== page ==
The Fairmount News from Fairmount, Indiana on April 3, 1922 · Page 2
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The Fairmount News from Fairmount, Indiana · Page 2

Fairmount, Indiana
Issue Date:
Monday, April 3, 1922
Page 2
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Page 2 article text (OCR)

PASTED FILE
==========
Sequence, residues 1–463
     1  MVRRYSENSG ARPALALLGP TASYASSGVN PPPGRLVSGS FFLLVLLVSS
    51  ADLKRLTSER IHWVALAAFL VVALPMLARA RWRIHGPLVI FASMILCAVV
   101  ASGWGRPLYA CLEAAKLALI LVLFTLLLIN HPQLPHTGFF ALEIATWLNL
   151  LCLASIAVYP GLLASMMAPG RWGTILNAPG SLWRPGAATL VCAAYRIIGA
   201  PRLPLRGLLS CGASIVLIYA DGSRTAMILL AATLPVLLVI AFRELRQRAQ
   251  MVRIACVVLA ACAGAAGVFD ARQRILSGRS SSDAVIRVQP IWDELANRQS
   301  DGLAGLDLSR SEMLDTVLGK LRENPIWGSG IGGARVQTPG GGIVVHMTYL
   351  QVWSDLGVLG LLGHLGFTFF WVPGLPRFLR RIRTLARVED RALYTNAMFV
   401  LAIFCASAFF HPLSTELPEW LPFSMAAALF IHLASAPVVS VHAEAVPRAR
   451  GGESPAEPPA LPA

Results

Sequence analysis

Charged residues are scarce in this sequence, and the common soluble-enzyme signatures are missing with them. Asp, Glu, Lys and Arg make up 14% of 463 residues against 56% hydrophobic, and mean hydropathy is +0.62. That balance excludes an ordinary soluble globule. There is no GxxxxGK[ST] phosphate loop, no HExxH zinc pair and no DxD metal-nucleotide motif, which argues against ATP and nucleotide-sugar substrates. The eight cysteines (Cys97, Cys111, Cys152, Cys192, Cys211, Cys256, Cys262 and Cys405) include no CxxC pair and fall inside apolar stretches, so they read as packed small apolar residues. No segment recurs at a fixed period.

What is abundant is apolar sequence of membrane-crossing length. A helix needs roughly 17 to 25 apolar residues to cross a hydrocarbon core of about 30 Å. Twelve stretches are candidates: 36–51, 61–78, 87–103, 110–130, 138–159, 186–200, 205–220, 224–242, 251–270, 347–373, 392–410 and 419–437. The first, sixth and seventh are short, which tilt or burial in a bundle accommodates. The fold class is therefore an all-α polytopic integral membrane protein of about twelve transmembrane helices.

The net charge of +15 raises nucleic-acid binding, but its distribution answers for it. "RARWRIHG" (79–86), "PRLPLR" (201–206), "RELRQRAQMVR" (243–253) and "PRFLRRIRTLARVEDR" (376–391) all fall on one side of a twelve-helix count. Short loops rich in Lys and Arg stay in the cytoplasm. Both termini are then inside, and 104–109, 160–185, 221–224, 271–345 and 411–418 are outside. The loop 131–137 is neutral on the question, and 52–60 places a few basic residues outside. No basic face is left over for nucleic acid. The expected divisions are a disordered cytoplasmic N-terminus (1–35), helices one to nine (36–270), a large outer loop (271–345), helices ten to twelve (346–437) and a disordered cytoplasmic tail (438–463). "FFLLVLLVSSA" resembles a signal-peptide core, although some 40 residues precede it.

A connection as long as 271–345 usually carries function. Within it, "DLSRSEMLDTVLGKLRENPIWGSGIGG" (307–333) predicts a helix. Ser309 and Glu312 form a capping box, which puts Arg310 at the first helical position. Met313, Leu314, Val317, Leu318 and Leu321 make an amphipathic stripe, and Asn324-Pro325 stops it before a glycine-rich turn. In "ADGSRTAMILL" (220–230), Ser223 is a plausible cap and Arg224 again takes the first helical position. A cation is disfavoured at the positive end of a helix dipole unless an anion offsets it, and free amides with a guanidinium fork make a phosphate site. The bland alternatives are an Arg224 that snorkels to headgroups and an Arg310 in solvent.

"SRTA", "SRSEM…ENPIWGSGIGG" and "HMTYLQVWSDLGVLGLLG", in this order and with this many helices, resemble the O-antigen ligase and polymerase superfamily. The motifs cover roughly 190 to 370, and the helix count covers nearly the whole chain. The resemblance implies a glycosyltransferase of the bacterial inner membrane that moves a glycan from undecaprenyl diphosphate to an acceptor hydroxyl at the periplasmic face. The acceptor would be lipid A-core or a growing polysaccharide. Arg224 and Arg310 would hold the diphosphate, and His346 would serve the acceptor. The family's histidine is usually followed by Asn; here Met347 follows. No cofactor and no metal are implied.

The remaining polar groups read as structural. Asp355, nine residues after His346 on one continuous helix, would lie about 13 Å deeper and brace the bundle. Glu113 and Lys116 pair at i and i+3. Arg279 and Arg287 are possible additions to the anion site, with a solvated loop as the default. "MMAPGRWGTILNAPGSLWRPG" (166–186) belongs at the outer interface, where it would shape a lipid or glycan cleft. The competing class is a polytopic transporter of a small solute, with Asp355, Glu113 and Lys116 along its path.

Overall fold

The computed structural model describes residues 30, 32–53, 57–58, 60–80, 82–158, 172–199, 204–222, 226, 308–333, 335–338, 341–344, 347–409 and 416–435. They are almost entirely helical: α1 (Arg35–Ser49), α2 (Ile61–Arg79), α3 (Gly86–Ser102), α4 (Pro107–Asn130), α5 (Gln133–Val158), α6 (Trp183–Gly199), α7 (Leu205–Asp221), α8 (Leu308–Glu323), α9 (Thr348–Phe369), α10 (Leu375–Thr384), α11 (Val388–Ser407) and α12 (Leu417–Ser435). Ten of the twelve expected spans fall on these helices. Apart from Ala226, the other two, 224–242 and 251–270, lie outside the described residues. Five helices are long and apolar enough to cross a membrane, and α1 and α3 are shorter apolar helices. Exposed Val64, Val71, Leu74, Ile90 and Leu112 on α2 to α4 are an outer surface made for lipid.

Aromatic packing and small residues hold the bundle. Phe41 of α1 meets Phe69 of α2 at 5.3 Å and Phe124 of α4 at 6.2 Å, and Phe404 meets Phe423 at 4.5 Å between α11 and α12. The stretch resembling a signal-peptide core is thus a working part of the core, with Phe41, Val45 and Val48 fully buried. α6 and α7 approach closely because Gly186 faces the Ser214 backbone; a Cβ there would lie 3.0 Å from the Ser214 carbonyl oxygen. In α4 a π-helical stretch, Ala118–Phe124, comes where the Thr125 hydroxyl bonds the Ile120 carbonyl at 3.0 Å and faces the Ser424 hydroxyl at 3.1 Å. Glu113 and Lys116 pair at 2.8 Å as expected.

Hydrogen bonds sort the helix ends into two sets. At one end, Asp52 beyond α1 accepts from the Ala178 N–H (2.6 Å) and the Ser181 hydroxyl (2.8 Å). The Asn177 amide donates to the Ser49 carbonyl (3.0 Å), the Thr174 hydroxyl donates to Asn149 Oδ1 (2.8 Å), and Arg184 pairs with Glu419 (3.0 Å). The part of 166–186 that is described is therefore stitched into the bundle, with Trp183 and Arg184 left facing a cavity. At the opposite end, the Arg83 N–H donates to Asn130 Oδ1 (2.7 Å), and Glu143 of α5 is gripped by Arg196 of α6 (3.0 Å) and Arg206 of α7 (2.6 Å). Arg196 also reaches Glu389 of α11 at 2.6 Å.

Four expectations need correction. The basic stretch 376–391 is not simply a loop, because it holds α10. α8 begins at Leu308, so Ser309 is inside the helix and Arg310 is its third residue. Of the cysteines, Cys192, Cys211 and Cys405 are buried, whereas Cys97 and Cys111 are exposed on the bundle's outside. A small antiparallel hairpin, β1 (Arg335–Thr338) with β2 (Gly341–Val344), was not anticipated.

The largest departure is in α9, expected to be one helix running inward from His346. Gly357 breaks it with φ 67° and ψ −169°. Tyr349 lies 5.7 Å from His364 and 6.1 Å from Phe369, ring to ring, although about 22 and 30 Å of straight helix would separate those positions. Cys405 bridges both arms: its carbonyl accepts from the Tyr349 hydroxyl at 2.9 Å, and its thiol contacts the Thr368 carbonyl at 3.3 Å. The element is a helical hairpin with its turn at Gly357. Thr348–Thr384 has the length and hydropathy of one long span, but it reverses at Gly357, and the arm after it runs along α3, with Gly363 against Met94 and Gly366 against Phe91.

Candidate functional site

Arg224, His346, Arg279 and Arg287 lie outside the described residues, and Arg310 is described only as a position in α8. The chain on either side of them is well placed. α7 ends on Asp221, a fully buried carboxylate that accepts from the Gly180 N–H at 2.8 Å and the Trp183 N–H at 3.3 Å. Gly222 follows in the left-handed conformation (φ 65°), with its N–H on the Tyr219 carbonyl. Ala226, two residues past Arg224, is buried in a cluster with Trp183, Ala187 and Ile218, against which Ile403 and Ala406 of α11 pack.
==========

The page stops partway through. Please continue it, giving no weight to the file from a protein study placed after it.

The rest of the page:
"T THE FAIRMOUNT NEWS If ; i - i aa ii aa n.i .ra, .wd. AkBi. .! Uh Sk dTt S jdJB. A A. A. A. Beveridge Quits Hotel Office The Fairmount News Published on Mondays and Thursdays ' A . S. ROBERTS, j Editor and Publisher. 1 SUBSTANTIAL SAVING M K H TWENTY YEARS AGO TODAY EVENTS AND HAPPENINGS IN FAIRMOUNT A DECADE AGO AS TOLD BY THE FAIRMOUNT NEWS, AND GLEANED FROM THE FILES OF THE PAPER FOR PRESENT DAY REMINISCENT READERS. was initiated as a new member. Next meetine will be held at the home of M H M N H M H M H HOE If you really vant to and operating expense to oil whose body is correct whose quality is the very Between the Correct and "Give me a quart gallon is trifling. The saving expense is very marked. Ask for the Correct for and Miss Gladys Lyons on South Walnut I street. i Last night and Wednesday night ' the tabernacle was filled and a num- 1 cut repair bills, carbon the lowest, you must use for your engine and best obtainable. Grade of Gargoyle Mo-biloil of oil,' the price per in actual operating Grade of Gargoyle Modil-oil your car see that you get it. ber finding standing room only, to &enator in closing nis headquarters hear Rev. Sunday. The attendance i in one of the leadinS hotels in India-is constantly increasing both day and I naPolis and transferring, them to the night. Gurney Lindley and Miss Alice Young were married April 3 at the home of the bride in Negoa, 111. They will spend a week visiting friends and relatives in Negoa, and then return to ; E.0. Ellis Auto Supply Co. Fairmount where they will reside at j w-as strongly m favor of the renom-the beautiful country home of Mr. j ination of Senator New. j Lindley, known as "Woodside." The Mr. Beveridgie's action in closing j bridegroom is a prominent farmer of . his headquarters, however, will not . this part of the county, while Miss , cause Senator New's friends to relax Young is one of the women of which ; in their determination to fully ac- j Negoa has reason to be proud. , quaint the Republican voters of the j iT' -r- -v .ev w gN, vw J. A. a, dC a oiaic i ill inv i ai i -j o -v in uiv At a meeting of the Odd Fellows j campaign. It is pointed out that the Wednesday night, the matter of a j question for the Republican voters of new hall assumed definite shape. It ; Indiana is whether a faithful and is planned to form a stock company, j efficient public servant, such as Sen-placing shares at $10 each, thereby ' ator New has been, who has served raising $8,000 and with that construct his state and nation in a most accept- a substantial two-story brick building . on their lot where the tabernacle now stands. There will be two business rooms on the ground floor for rent. The second floor will be for lodge purposes exclusively. Shares in the j enterprise will not be limited to the ! membership, outsiders can lend a i hand should they desire Attorney Waldo Haisley of Marion was in Fairmount Monday. j , STORAGE BATTERIES Tires, Accestcries, Oils, Gasoline, Vulcanizing W. V. Fowler, Mgr. Phone 226 Cecil Couch, who has been ill for some time and who submitted to an operation for the removal of puss from the lungs was taken again to Grant couny thospital last week where a second operation was performed. He is reported to be getting) along nicely and his entire recovery is anitcipated. Mrs. George Ferguson returned home Friday after being called away on account Gf tne death of a relative at Wheatfield. Russell Dare came over from Anderson to spend the week end with his parents, Mr. and Mrs. John Dare. . rAP mitter at Washington, Senator New's words were perfectly audible to the Indianapolis audience. In a news article in the Indianapolis Star it was pointed out that "Senator New was the first member of the Senate to travel by airplane and now he is first to have delivered a political address by wireless." It is probable that the Senator will deliver a number of addresses over ' the radio phone thus permitting, him to personally address the voters of the state while still giving his atten tion to governmental business. Lee Carmin of Matthews, was the week end guest of Osborn Rush. v Vitamin the Miracle and Mystery of Scientific World C I Closes Headquarters at Claypool and Transfers Them to Office of His State Manager The outstanding development in the Indiana senatorial primary con- test this week was the action b A1" ! Dert Beveridgie, who is opposing Senator Harry S. New for the Repub- j Iican nomination for United States office of his state manager. This action is generally accepted that Senator New's opponent has given up the fight as it has been very evident during the last three weeks, political observers say, that the sentiment of the Republicans of the state generally able manner timing tne war period and since, shall be supplanted by a candidate who, up to the present time, has failed to define his position on any present-day issues, including the pending peace treaties, the tariff and other questions of immediate import. During the last week Senator New, who is remaining at his post of duty . in Washington, addressed an audience in Indianapolis through, the use of the j radio phone. Speaking into a trans- died; thousands were incapacitated by ' physical and nervous debility. , When word of this condition reach- ed headquarters, six huge bombing , Planes were sent trom the European j front to the dying garrison at Kut. , Arriving there, the lurks were as- , tonished by the unique spectacle of were these missiles ? They were ! packages of dried, concentrated yeast! i Added to the ration of beef and bis-: cuits, the yeast did its work, eliminated the beriberi and restored the soldiers to normal strength and vigpr. It is not possible that thousands of people in the United States and other j countries are suffering this same beri- i beri under another name ? Its symp- j toms are precisely those that accom- i Pany what most People call loosely j a run down condition. It yeast, as it now appears likely, j can virtually make new bodies out of j old, by means of its mysterious vita- j min content, can it not justly be ; called the miracle of the age. MISSIONARY MEETING AT PT. ISABEL. The W. F. M. S. of the Pt. Isabel M. E. church will hold their annual thank offering service at the church Saturday evening, April 15. The program will be as follows: Opening song Congregation. Devotions Mrs. J. O. Campbell. Song Auxiliary. Recitation Mrs. Sena Livezey. Demonstration Blessed are . they i that hunger and thirst. Song Quartet. Leaflet Mrs. Verna Leisure. Readings Mrs. Hattie McGraw. Sole Mrs. Basil Matchett. Demonstration The Mustard Seed. Address Rev. J. O Campbell. A free offering will be taken. Members of the British parliament are exempt from arrest in civil actions for forty days after parliament comes to the end of its session and ! for an equal period before the day j fixed for its reassembling. I i . milium: . i i v ' i v t i . . . v - v 1 1 i . Office: Main 265 TELEPHONES Res., Main 107 SUBSCRIPTION RATES. (Within Indiana.) One year $1.50 Six months 90 (Outside Indiana.) One year $2.00 Six months 1-25 All subscriptions payable strictly in advance; paper discountinued at expiration of subscription time unless renewal is received prior to expiration date. Entered as second-class matter at the postoffice at Fairmount, Ind., under the Act of Congress of March 8, 1879. THE FARMERS NEEDS The New York World, under a caption "Let Them Ask Lodge," quotes the statement that: "The farmers of the middle west are going bankrupt because they have no profitable market for their products," and then comments editorially as follows: "It was the defeat of the Treaty of Versailles by the Senate which struck the final blow to the already tottering system of European credit. Senator Lodge organized this conspiracy against the treaty, and the wreck of European credit is a direct result of his efforts. Senator Lodge is the man who ought to explain to the midle west farmers what happened to their market." Senator Lodge could well explain to the western farmers what happened to their markets by quoting the official statistics issued January 10th last by the Department of Commerce and data issued by the United States Department of Agriculture on March 14th last. The Department of Commerce figures state that for the year 1921 the American farmer exported more than three times as much cereal and cereal products as he did before the war; more than 11 times as much dairv products; more than six times the quantity of vegetable oils; and 80 per cent more meat products than the pre-war average. Taking the cereals crop by crop, the data shows that in 1921 the American farmer exported two and a half times as much wheat as he did in the pre-war period and that the total wheat exports in 1921 were the largest of any year in the history of the United States, and for the first time th? export value of wheat and wheat flour exceeded the total value of cotton exports. The data shows that in the year 1921 the American farmer exported eight times as much rye as he did in the pre-war period and three times as much corn as in any pre-war year, it shows, further, that the exports of rice in 1021 were more than 23 times the average rice exports in pre-war times. The figures complete show that in the year 1921 the American farmer exported more of all kinds of American products than any previous year in the hisrory of agriculture, so 5-enator Lodge didn't ruin the American farmers' foreign market! The plight of the American farmer in 1921 was not due to his lack of a foreign market, as the Democratic press and pro-league advocates maintain. The plight of the American farmer in 1921 was due to the failure of his home market, where 5,000,000 were out of employment. This condition is not going to be corrected until the industries of the United States are Efnn busy and the working classes are again permanently employed at remunerative wages. Mr. Milo D. Campbell, of Coldwater, Michigan, president of the National Milk producers Association, very aptly states the stuation in a letter to the House ways and means committee, in which he says: "We can not open our gates to the pauper labor of the world no matter whether that labor comes to us walking or in boxes or crates. Millions of factory employees are now idle. They are wearing their old m m a. aa' w T. J. Lucas is on the sick list. Miss Harriett Cooper is on the sick list. E. M. Baldwin left for Chicago last night. Will Ray of Summitville town Wednesday. was in Elwood Briles was in Marion Wednesday on business. The Lewis & Parrill building is being moved today. John fjeale, Jr., has returned from an extended sojourn at Long Beach, Cal. At the close of the revival meetings the tabernacle will be sold to the highest bidder. S. B. Hill, manager of the telephone exchange, goes to Pennsylvania today, called there by the serious sickness of his father. Frank Davis has bought the building on West Washington street now occupied by Morris & Childs, laundry-men. The J. F. D. club met at the home of Miss Edna Leach on South Walnut street Monday evening, and as usual a jolly good time was had. Miss Mary Winslow won first prize for eatings the most ice cream and .Miss Rena Scott second. Miss Margaret Slater clothes, they are filling their stomachs I with roughage, and waiting for the j fires to be rebuilt in the factories, j The bigi thing that should interest I the farmer right now is a market 1 whert buyers have enough money to . pay him a fair price for his products, i ! and that market is right here at home. J Unless the farmers have a tariff bill j I nassed whirh is based nnon an Ampri. ! ran valuation thoro xHll K n xt-r-v for the factories, no employment for the working man, and no market for the farmer." There are a great many things known to the middle west farmer and also to Senator Lodge which ought to be explained to Democratic organs like the New York World. CATHERINE CALVERT IN SUPERB FEATURE Strong Cast for "You'll Find Everywhere" At The Royal It Few pictures can boast of the supporting cast that is to be found in, "You'll Find It Everywhere," the five reel feature of love and romance starring Catherine Calvert and Herbert Rawlinson which will be seen at the Royal theatre Tuesday this week. This includes Macey Harlan, well-known for his prominent roles in support of some of the greatest stars of the screen, his last picture being "The Right to Love;" Arnold Lucey, who has appeared in pictures with Douglas Fairbanks and both Norma and Constance Talmadge; Riley Hatch who appeared on the legitimate stars'; in "The Squaw Man," and "Paid in Full," and in the pictures in support of William Collier, Pauline Fredrick and Dorothy Gish; as well as Hattie Delaro and Dora 'Mills Adams both of whom have legions of followers. With a cast such as this and the Booth Tarkington-Harry Leon Wilson story that has caused more favorable comment than any story appearing in the Saturday Evening Post in the last two years, there is no doubt but what this picture will please when seen on the screen. Mrs. Mary Gardner and brother, Curtis Diltz, of Cleveland, O., were visiting relatives in Jonesboro Friday and (Saturday. i ' ! Whatever vitamin is, and nobody so far has been able to find out, its ac- tion is nothing short of miraculous. Any substance, administered in most minute doses, that can quickly revive di'iTlS pigeons, white rats, guinea pigs and other animals and restore them to normal vigor and health within a moo few hours, is close indeed tc the se- j British planes showering missiles up-cret of Life itself. ! on their own besieged troops. WThat JZuiaL Edition of ianapolisNews elndi RURAL patrons who can not be served by carriers and agents of THE INDIANAPOLIS NEWS now have the opportunity to secure The Great Hoosier Daily at thi3 low rate. Those who want authoritative reports covering the important markets of the day, may be sure that THE NEWS, as every one knows, covers the field thoroughly. The news-gathering facilities of THE NEWS its full leased wire service of the Associated, United and Consolidated Press ; its Washington News Bureau ; its correspondents everywhere mean that all important and vital news events of the world flute where carrier Lib cltfes tawaa. Scientific research, now being diligently prosecuted in hospitals, universities and laboratories all over the world, would seem to show that vita min is present in a ereat many raw foods. Evidently Nature intended man to eat vegetables just as they come out of the ground, grains in the whole kernel just as they are harvested, fruits just as they are picked. Prehistoric man may have done so but Nature did not forsee the group- ing of people in cities, the impossibi-- , ity cf each man raising his own food- stuffs and the resulting necessity of storing, shipping, freezing, sterilizing and preserving foods. For these operations and other processes such as heating, cookings miii- j ing of grain, etc., all tend to destroy j or remove the precious vitamin. Fortunately, in the tiny yeast plant , a veritable mine of vitamin has been I found and yeast today is being eittn ! as a supplementary and corrective : food, by millions of men, women and children, and with most amazing results. Just as one instance among uncounted thousands, the records in the British War office illustrate the magic power of vitamin. Besieged in Kut, during the late war, were thousands of British soldiers. They were rationed on white-flour biscuits and beef, an excellent diet to be sure, providing it is accompanied by other foods which contain vitamin. (White flour contains no vitamin, due to milling of the grain and beef, especially if it is lean, is virtually without vitamin value. These other foods that the soldiers needed they could not get and consequently a nutritional deficiency disease, beriberi, broke out. Hundreds Bj Charles SughttM appear in The Indianapolis News. LEGISLATION now pending is of utmost importance to the farmer; international events are of deep interest to every American citizen ; happenings and the "come back" of business are being watched by every person interested. THE NEWS carries these developments from day to day. For $4.00 a year, the Rural Patron may subscribe for a daily newspaper which stands foremost in America in comprehensive scope and accuracy. The Indianapolis News stands among the leaders of the best newspapers in the country. aerrle la a BBaJatalB1 ata a week.J 12 .State. Even Learned One Wc r I !$ 9, t 4: V; fe,a - A Mail This Coupon Today! 192... THE INDIANAPOLIS NEWS: Enclosed find Four Dollars for subscription to the State Edition of The Indianapolis News for One Year to address below: City .......... R. p . D. . 2) The Poor Boss Ain't NUCKIE, THE PRINTER'S DEVIL m paaaaaaaawaaBBaa aaaBaaaBBmmmajaa . ' ) . . , ; . .... g...,...-,.,,:,.-r-- z ... ' . 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